Dr Khanna’s journey with Om Creations has not been free of challenges. Often, people didn’t see why it was important to offer these individuals a quality life; customers were wary of buying products prepared by the differently abled. There were other fundamental issues such as low awareness of the NGO, need for volunteers, lack of space and difficulty in arranging funds, which hindered the sale and growth of the business aspect of the non-profit.

Further, there are behavioural challenges while dealing with differently abled individuals, many of whom experience mood swings. “There’s a ‘talk hour’ held every afternoon so they can share their problems and find solutions. Usually, work is the best therapy as it gives them a sense of pride. Dr Khanna intervenes only when it is absolutely necessary,” says project coordinator Archana Mehta, who joined as a volunteer in 1992.

“My biggest personal challenge was to battle perceptions and prejudices,” says the indomitable Dr Khanna, who has a habit of turning every challenge into an opportunity. The programme she designed called FACE (Facing Autism through Communication with the environment) helps special educators and parents engage the autistic through mediums like communication and behaviour modification techniques. “The workshops enlighten parents to treat their ‘special’ children as assets rather than liabilities in society.”

Spelling success

Given the research—and the heart—that has gone into creating and building Om Creations, it is little wonder that everyone at Om Creations is content. “Everything is so beautiful here; the way these individuals learn and earn, and the way they love and support each other as a team,” says Ranjana Mahadevia, a trustee of the NGO. “The centre is their lifeline, their comfort zone.”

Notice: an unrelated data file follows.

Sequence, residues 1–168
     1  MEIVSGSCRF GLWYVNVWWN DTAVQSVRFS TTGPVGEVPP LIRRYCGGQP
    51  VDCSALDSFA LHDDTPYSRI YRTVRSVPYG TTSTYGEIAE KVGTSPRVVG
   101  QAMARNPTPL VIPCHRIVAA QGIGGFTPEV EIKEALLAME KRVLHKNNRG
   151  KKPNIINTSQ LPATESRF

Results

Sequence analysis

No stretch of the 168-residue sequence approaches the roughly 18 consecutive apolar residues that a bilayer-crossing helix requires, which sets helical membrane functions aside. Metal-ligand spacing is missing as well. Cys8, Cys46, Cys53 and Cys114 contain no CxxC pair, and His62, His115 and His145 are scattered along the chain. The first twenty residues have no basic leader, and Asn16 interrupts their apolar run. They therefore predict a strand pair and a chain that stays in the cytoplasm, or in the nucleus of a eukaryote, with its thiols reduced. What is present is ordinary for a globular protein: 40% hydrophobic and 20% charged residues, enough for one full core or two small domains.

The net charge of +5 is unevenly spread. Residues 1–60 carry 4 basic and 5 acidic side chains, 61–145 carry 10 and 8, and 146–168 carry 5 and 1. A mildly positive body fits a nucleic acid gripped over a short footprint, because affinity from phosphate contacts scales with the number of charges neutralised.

In its 26th year, Om Creations now holds exhibitions and seminars, gets bulk orders for corporate gifting throughout the year, and has an ever-increasing clientele—all this has helped it expand. “We’ve had a 93 per cent employment-placement rate, which means almost every member here is employed either at the centre or in the mainstream,” says Dr Khanna. To take the non-profit to the next level, she is now starting a skills training centre called Om Abode, for which 12 acre of land was recently purchased in Karjat. The project will have five buildings for residential accommodation and a skills training centre; work is already underway.

“Dr Radhike Khanna has touched so many lives and made a huge difference to mentally challenged people,” says Aarti Gandhi, director of The Nalanda Foundation, an NGO in Mumbai that addresses the educational requirements of children with learning difficulties, who’s a colleague of Dr Khanna and well acquainted with her work. “She’s doing a wonderful job of rehabilitation and doing it whole-heartedly. She has good management skills, great business acumen and a soft heart to manage the students and get them employed too. I’ve visited Om Creations and seen how happy the women are there. It’s a win-win situation as it’s a commercially viable place as well as a rehabilitation centre. Om Creations is like an entrepreneurship model for other NGOs to emulate.”

Awards and accolades come thick and fast for Dr Khanna but she remains one of the most grounded people you will ever meet. “My work makes me feel so good and helps me maintain my stability,” she says. “I sleep very well every night. What’s more, this is my family.”

Photos: Haresh Patel
Featured in Harmony — Celebrate Age Magazine
October 2017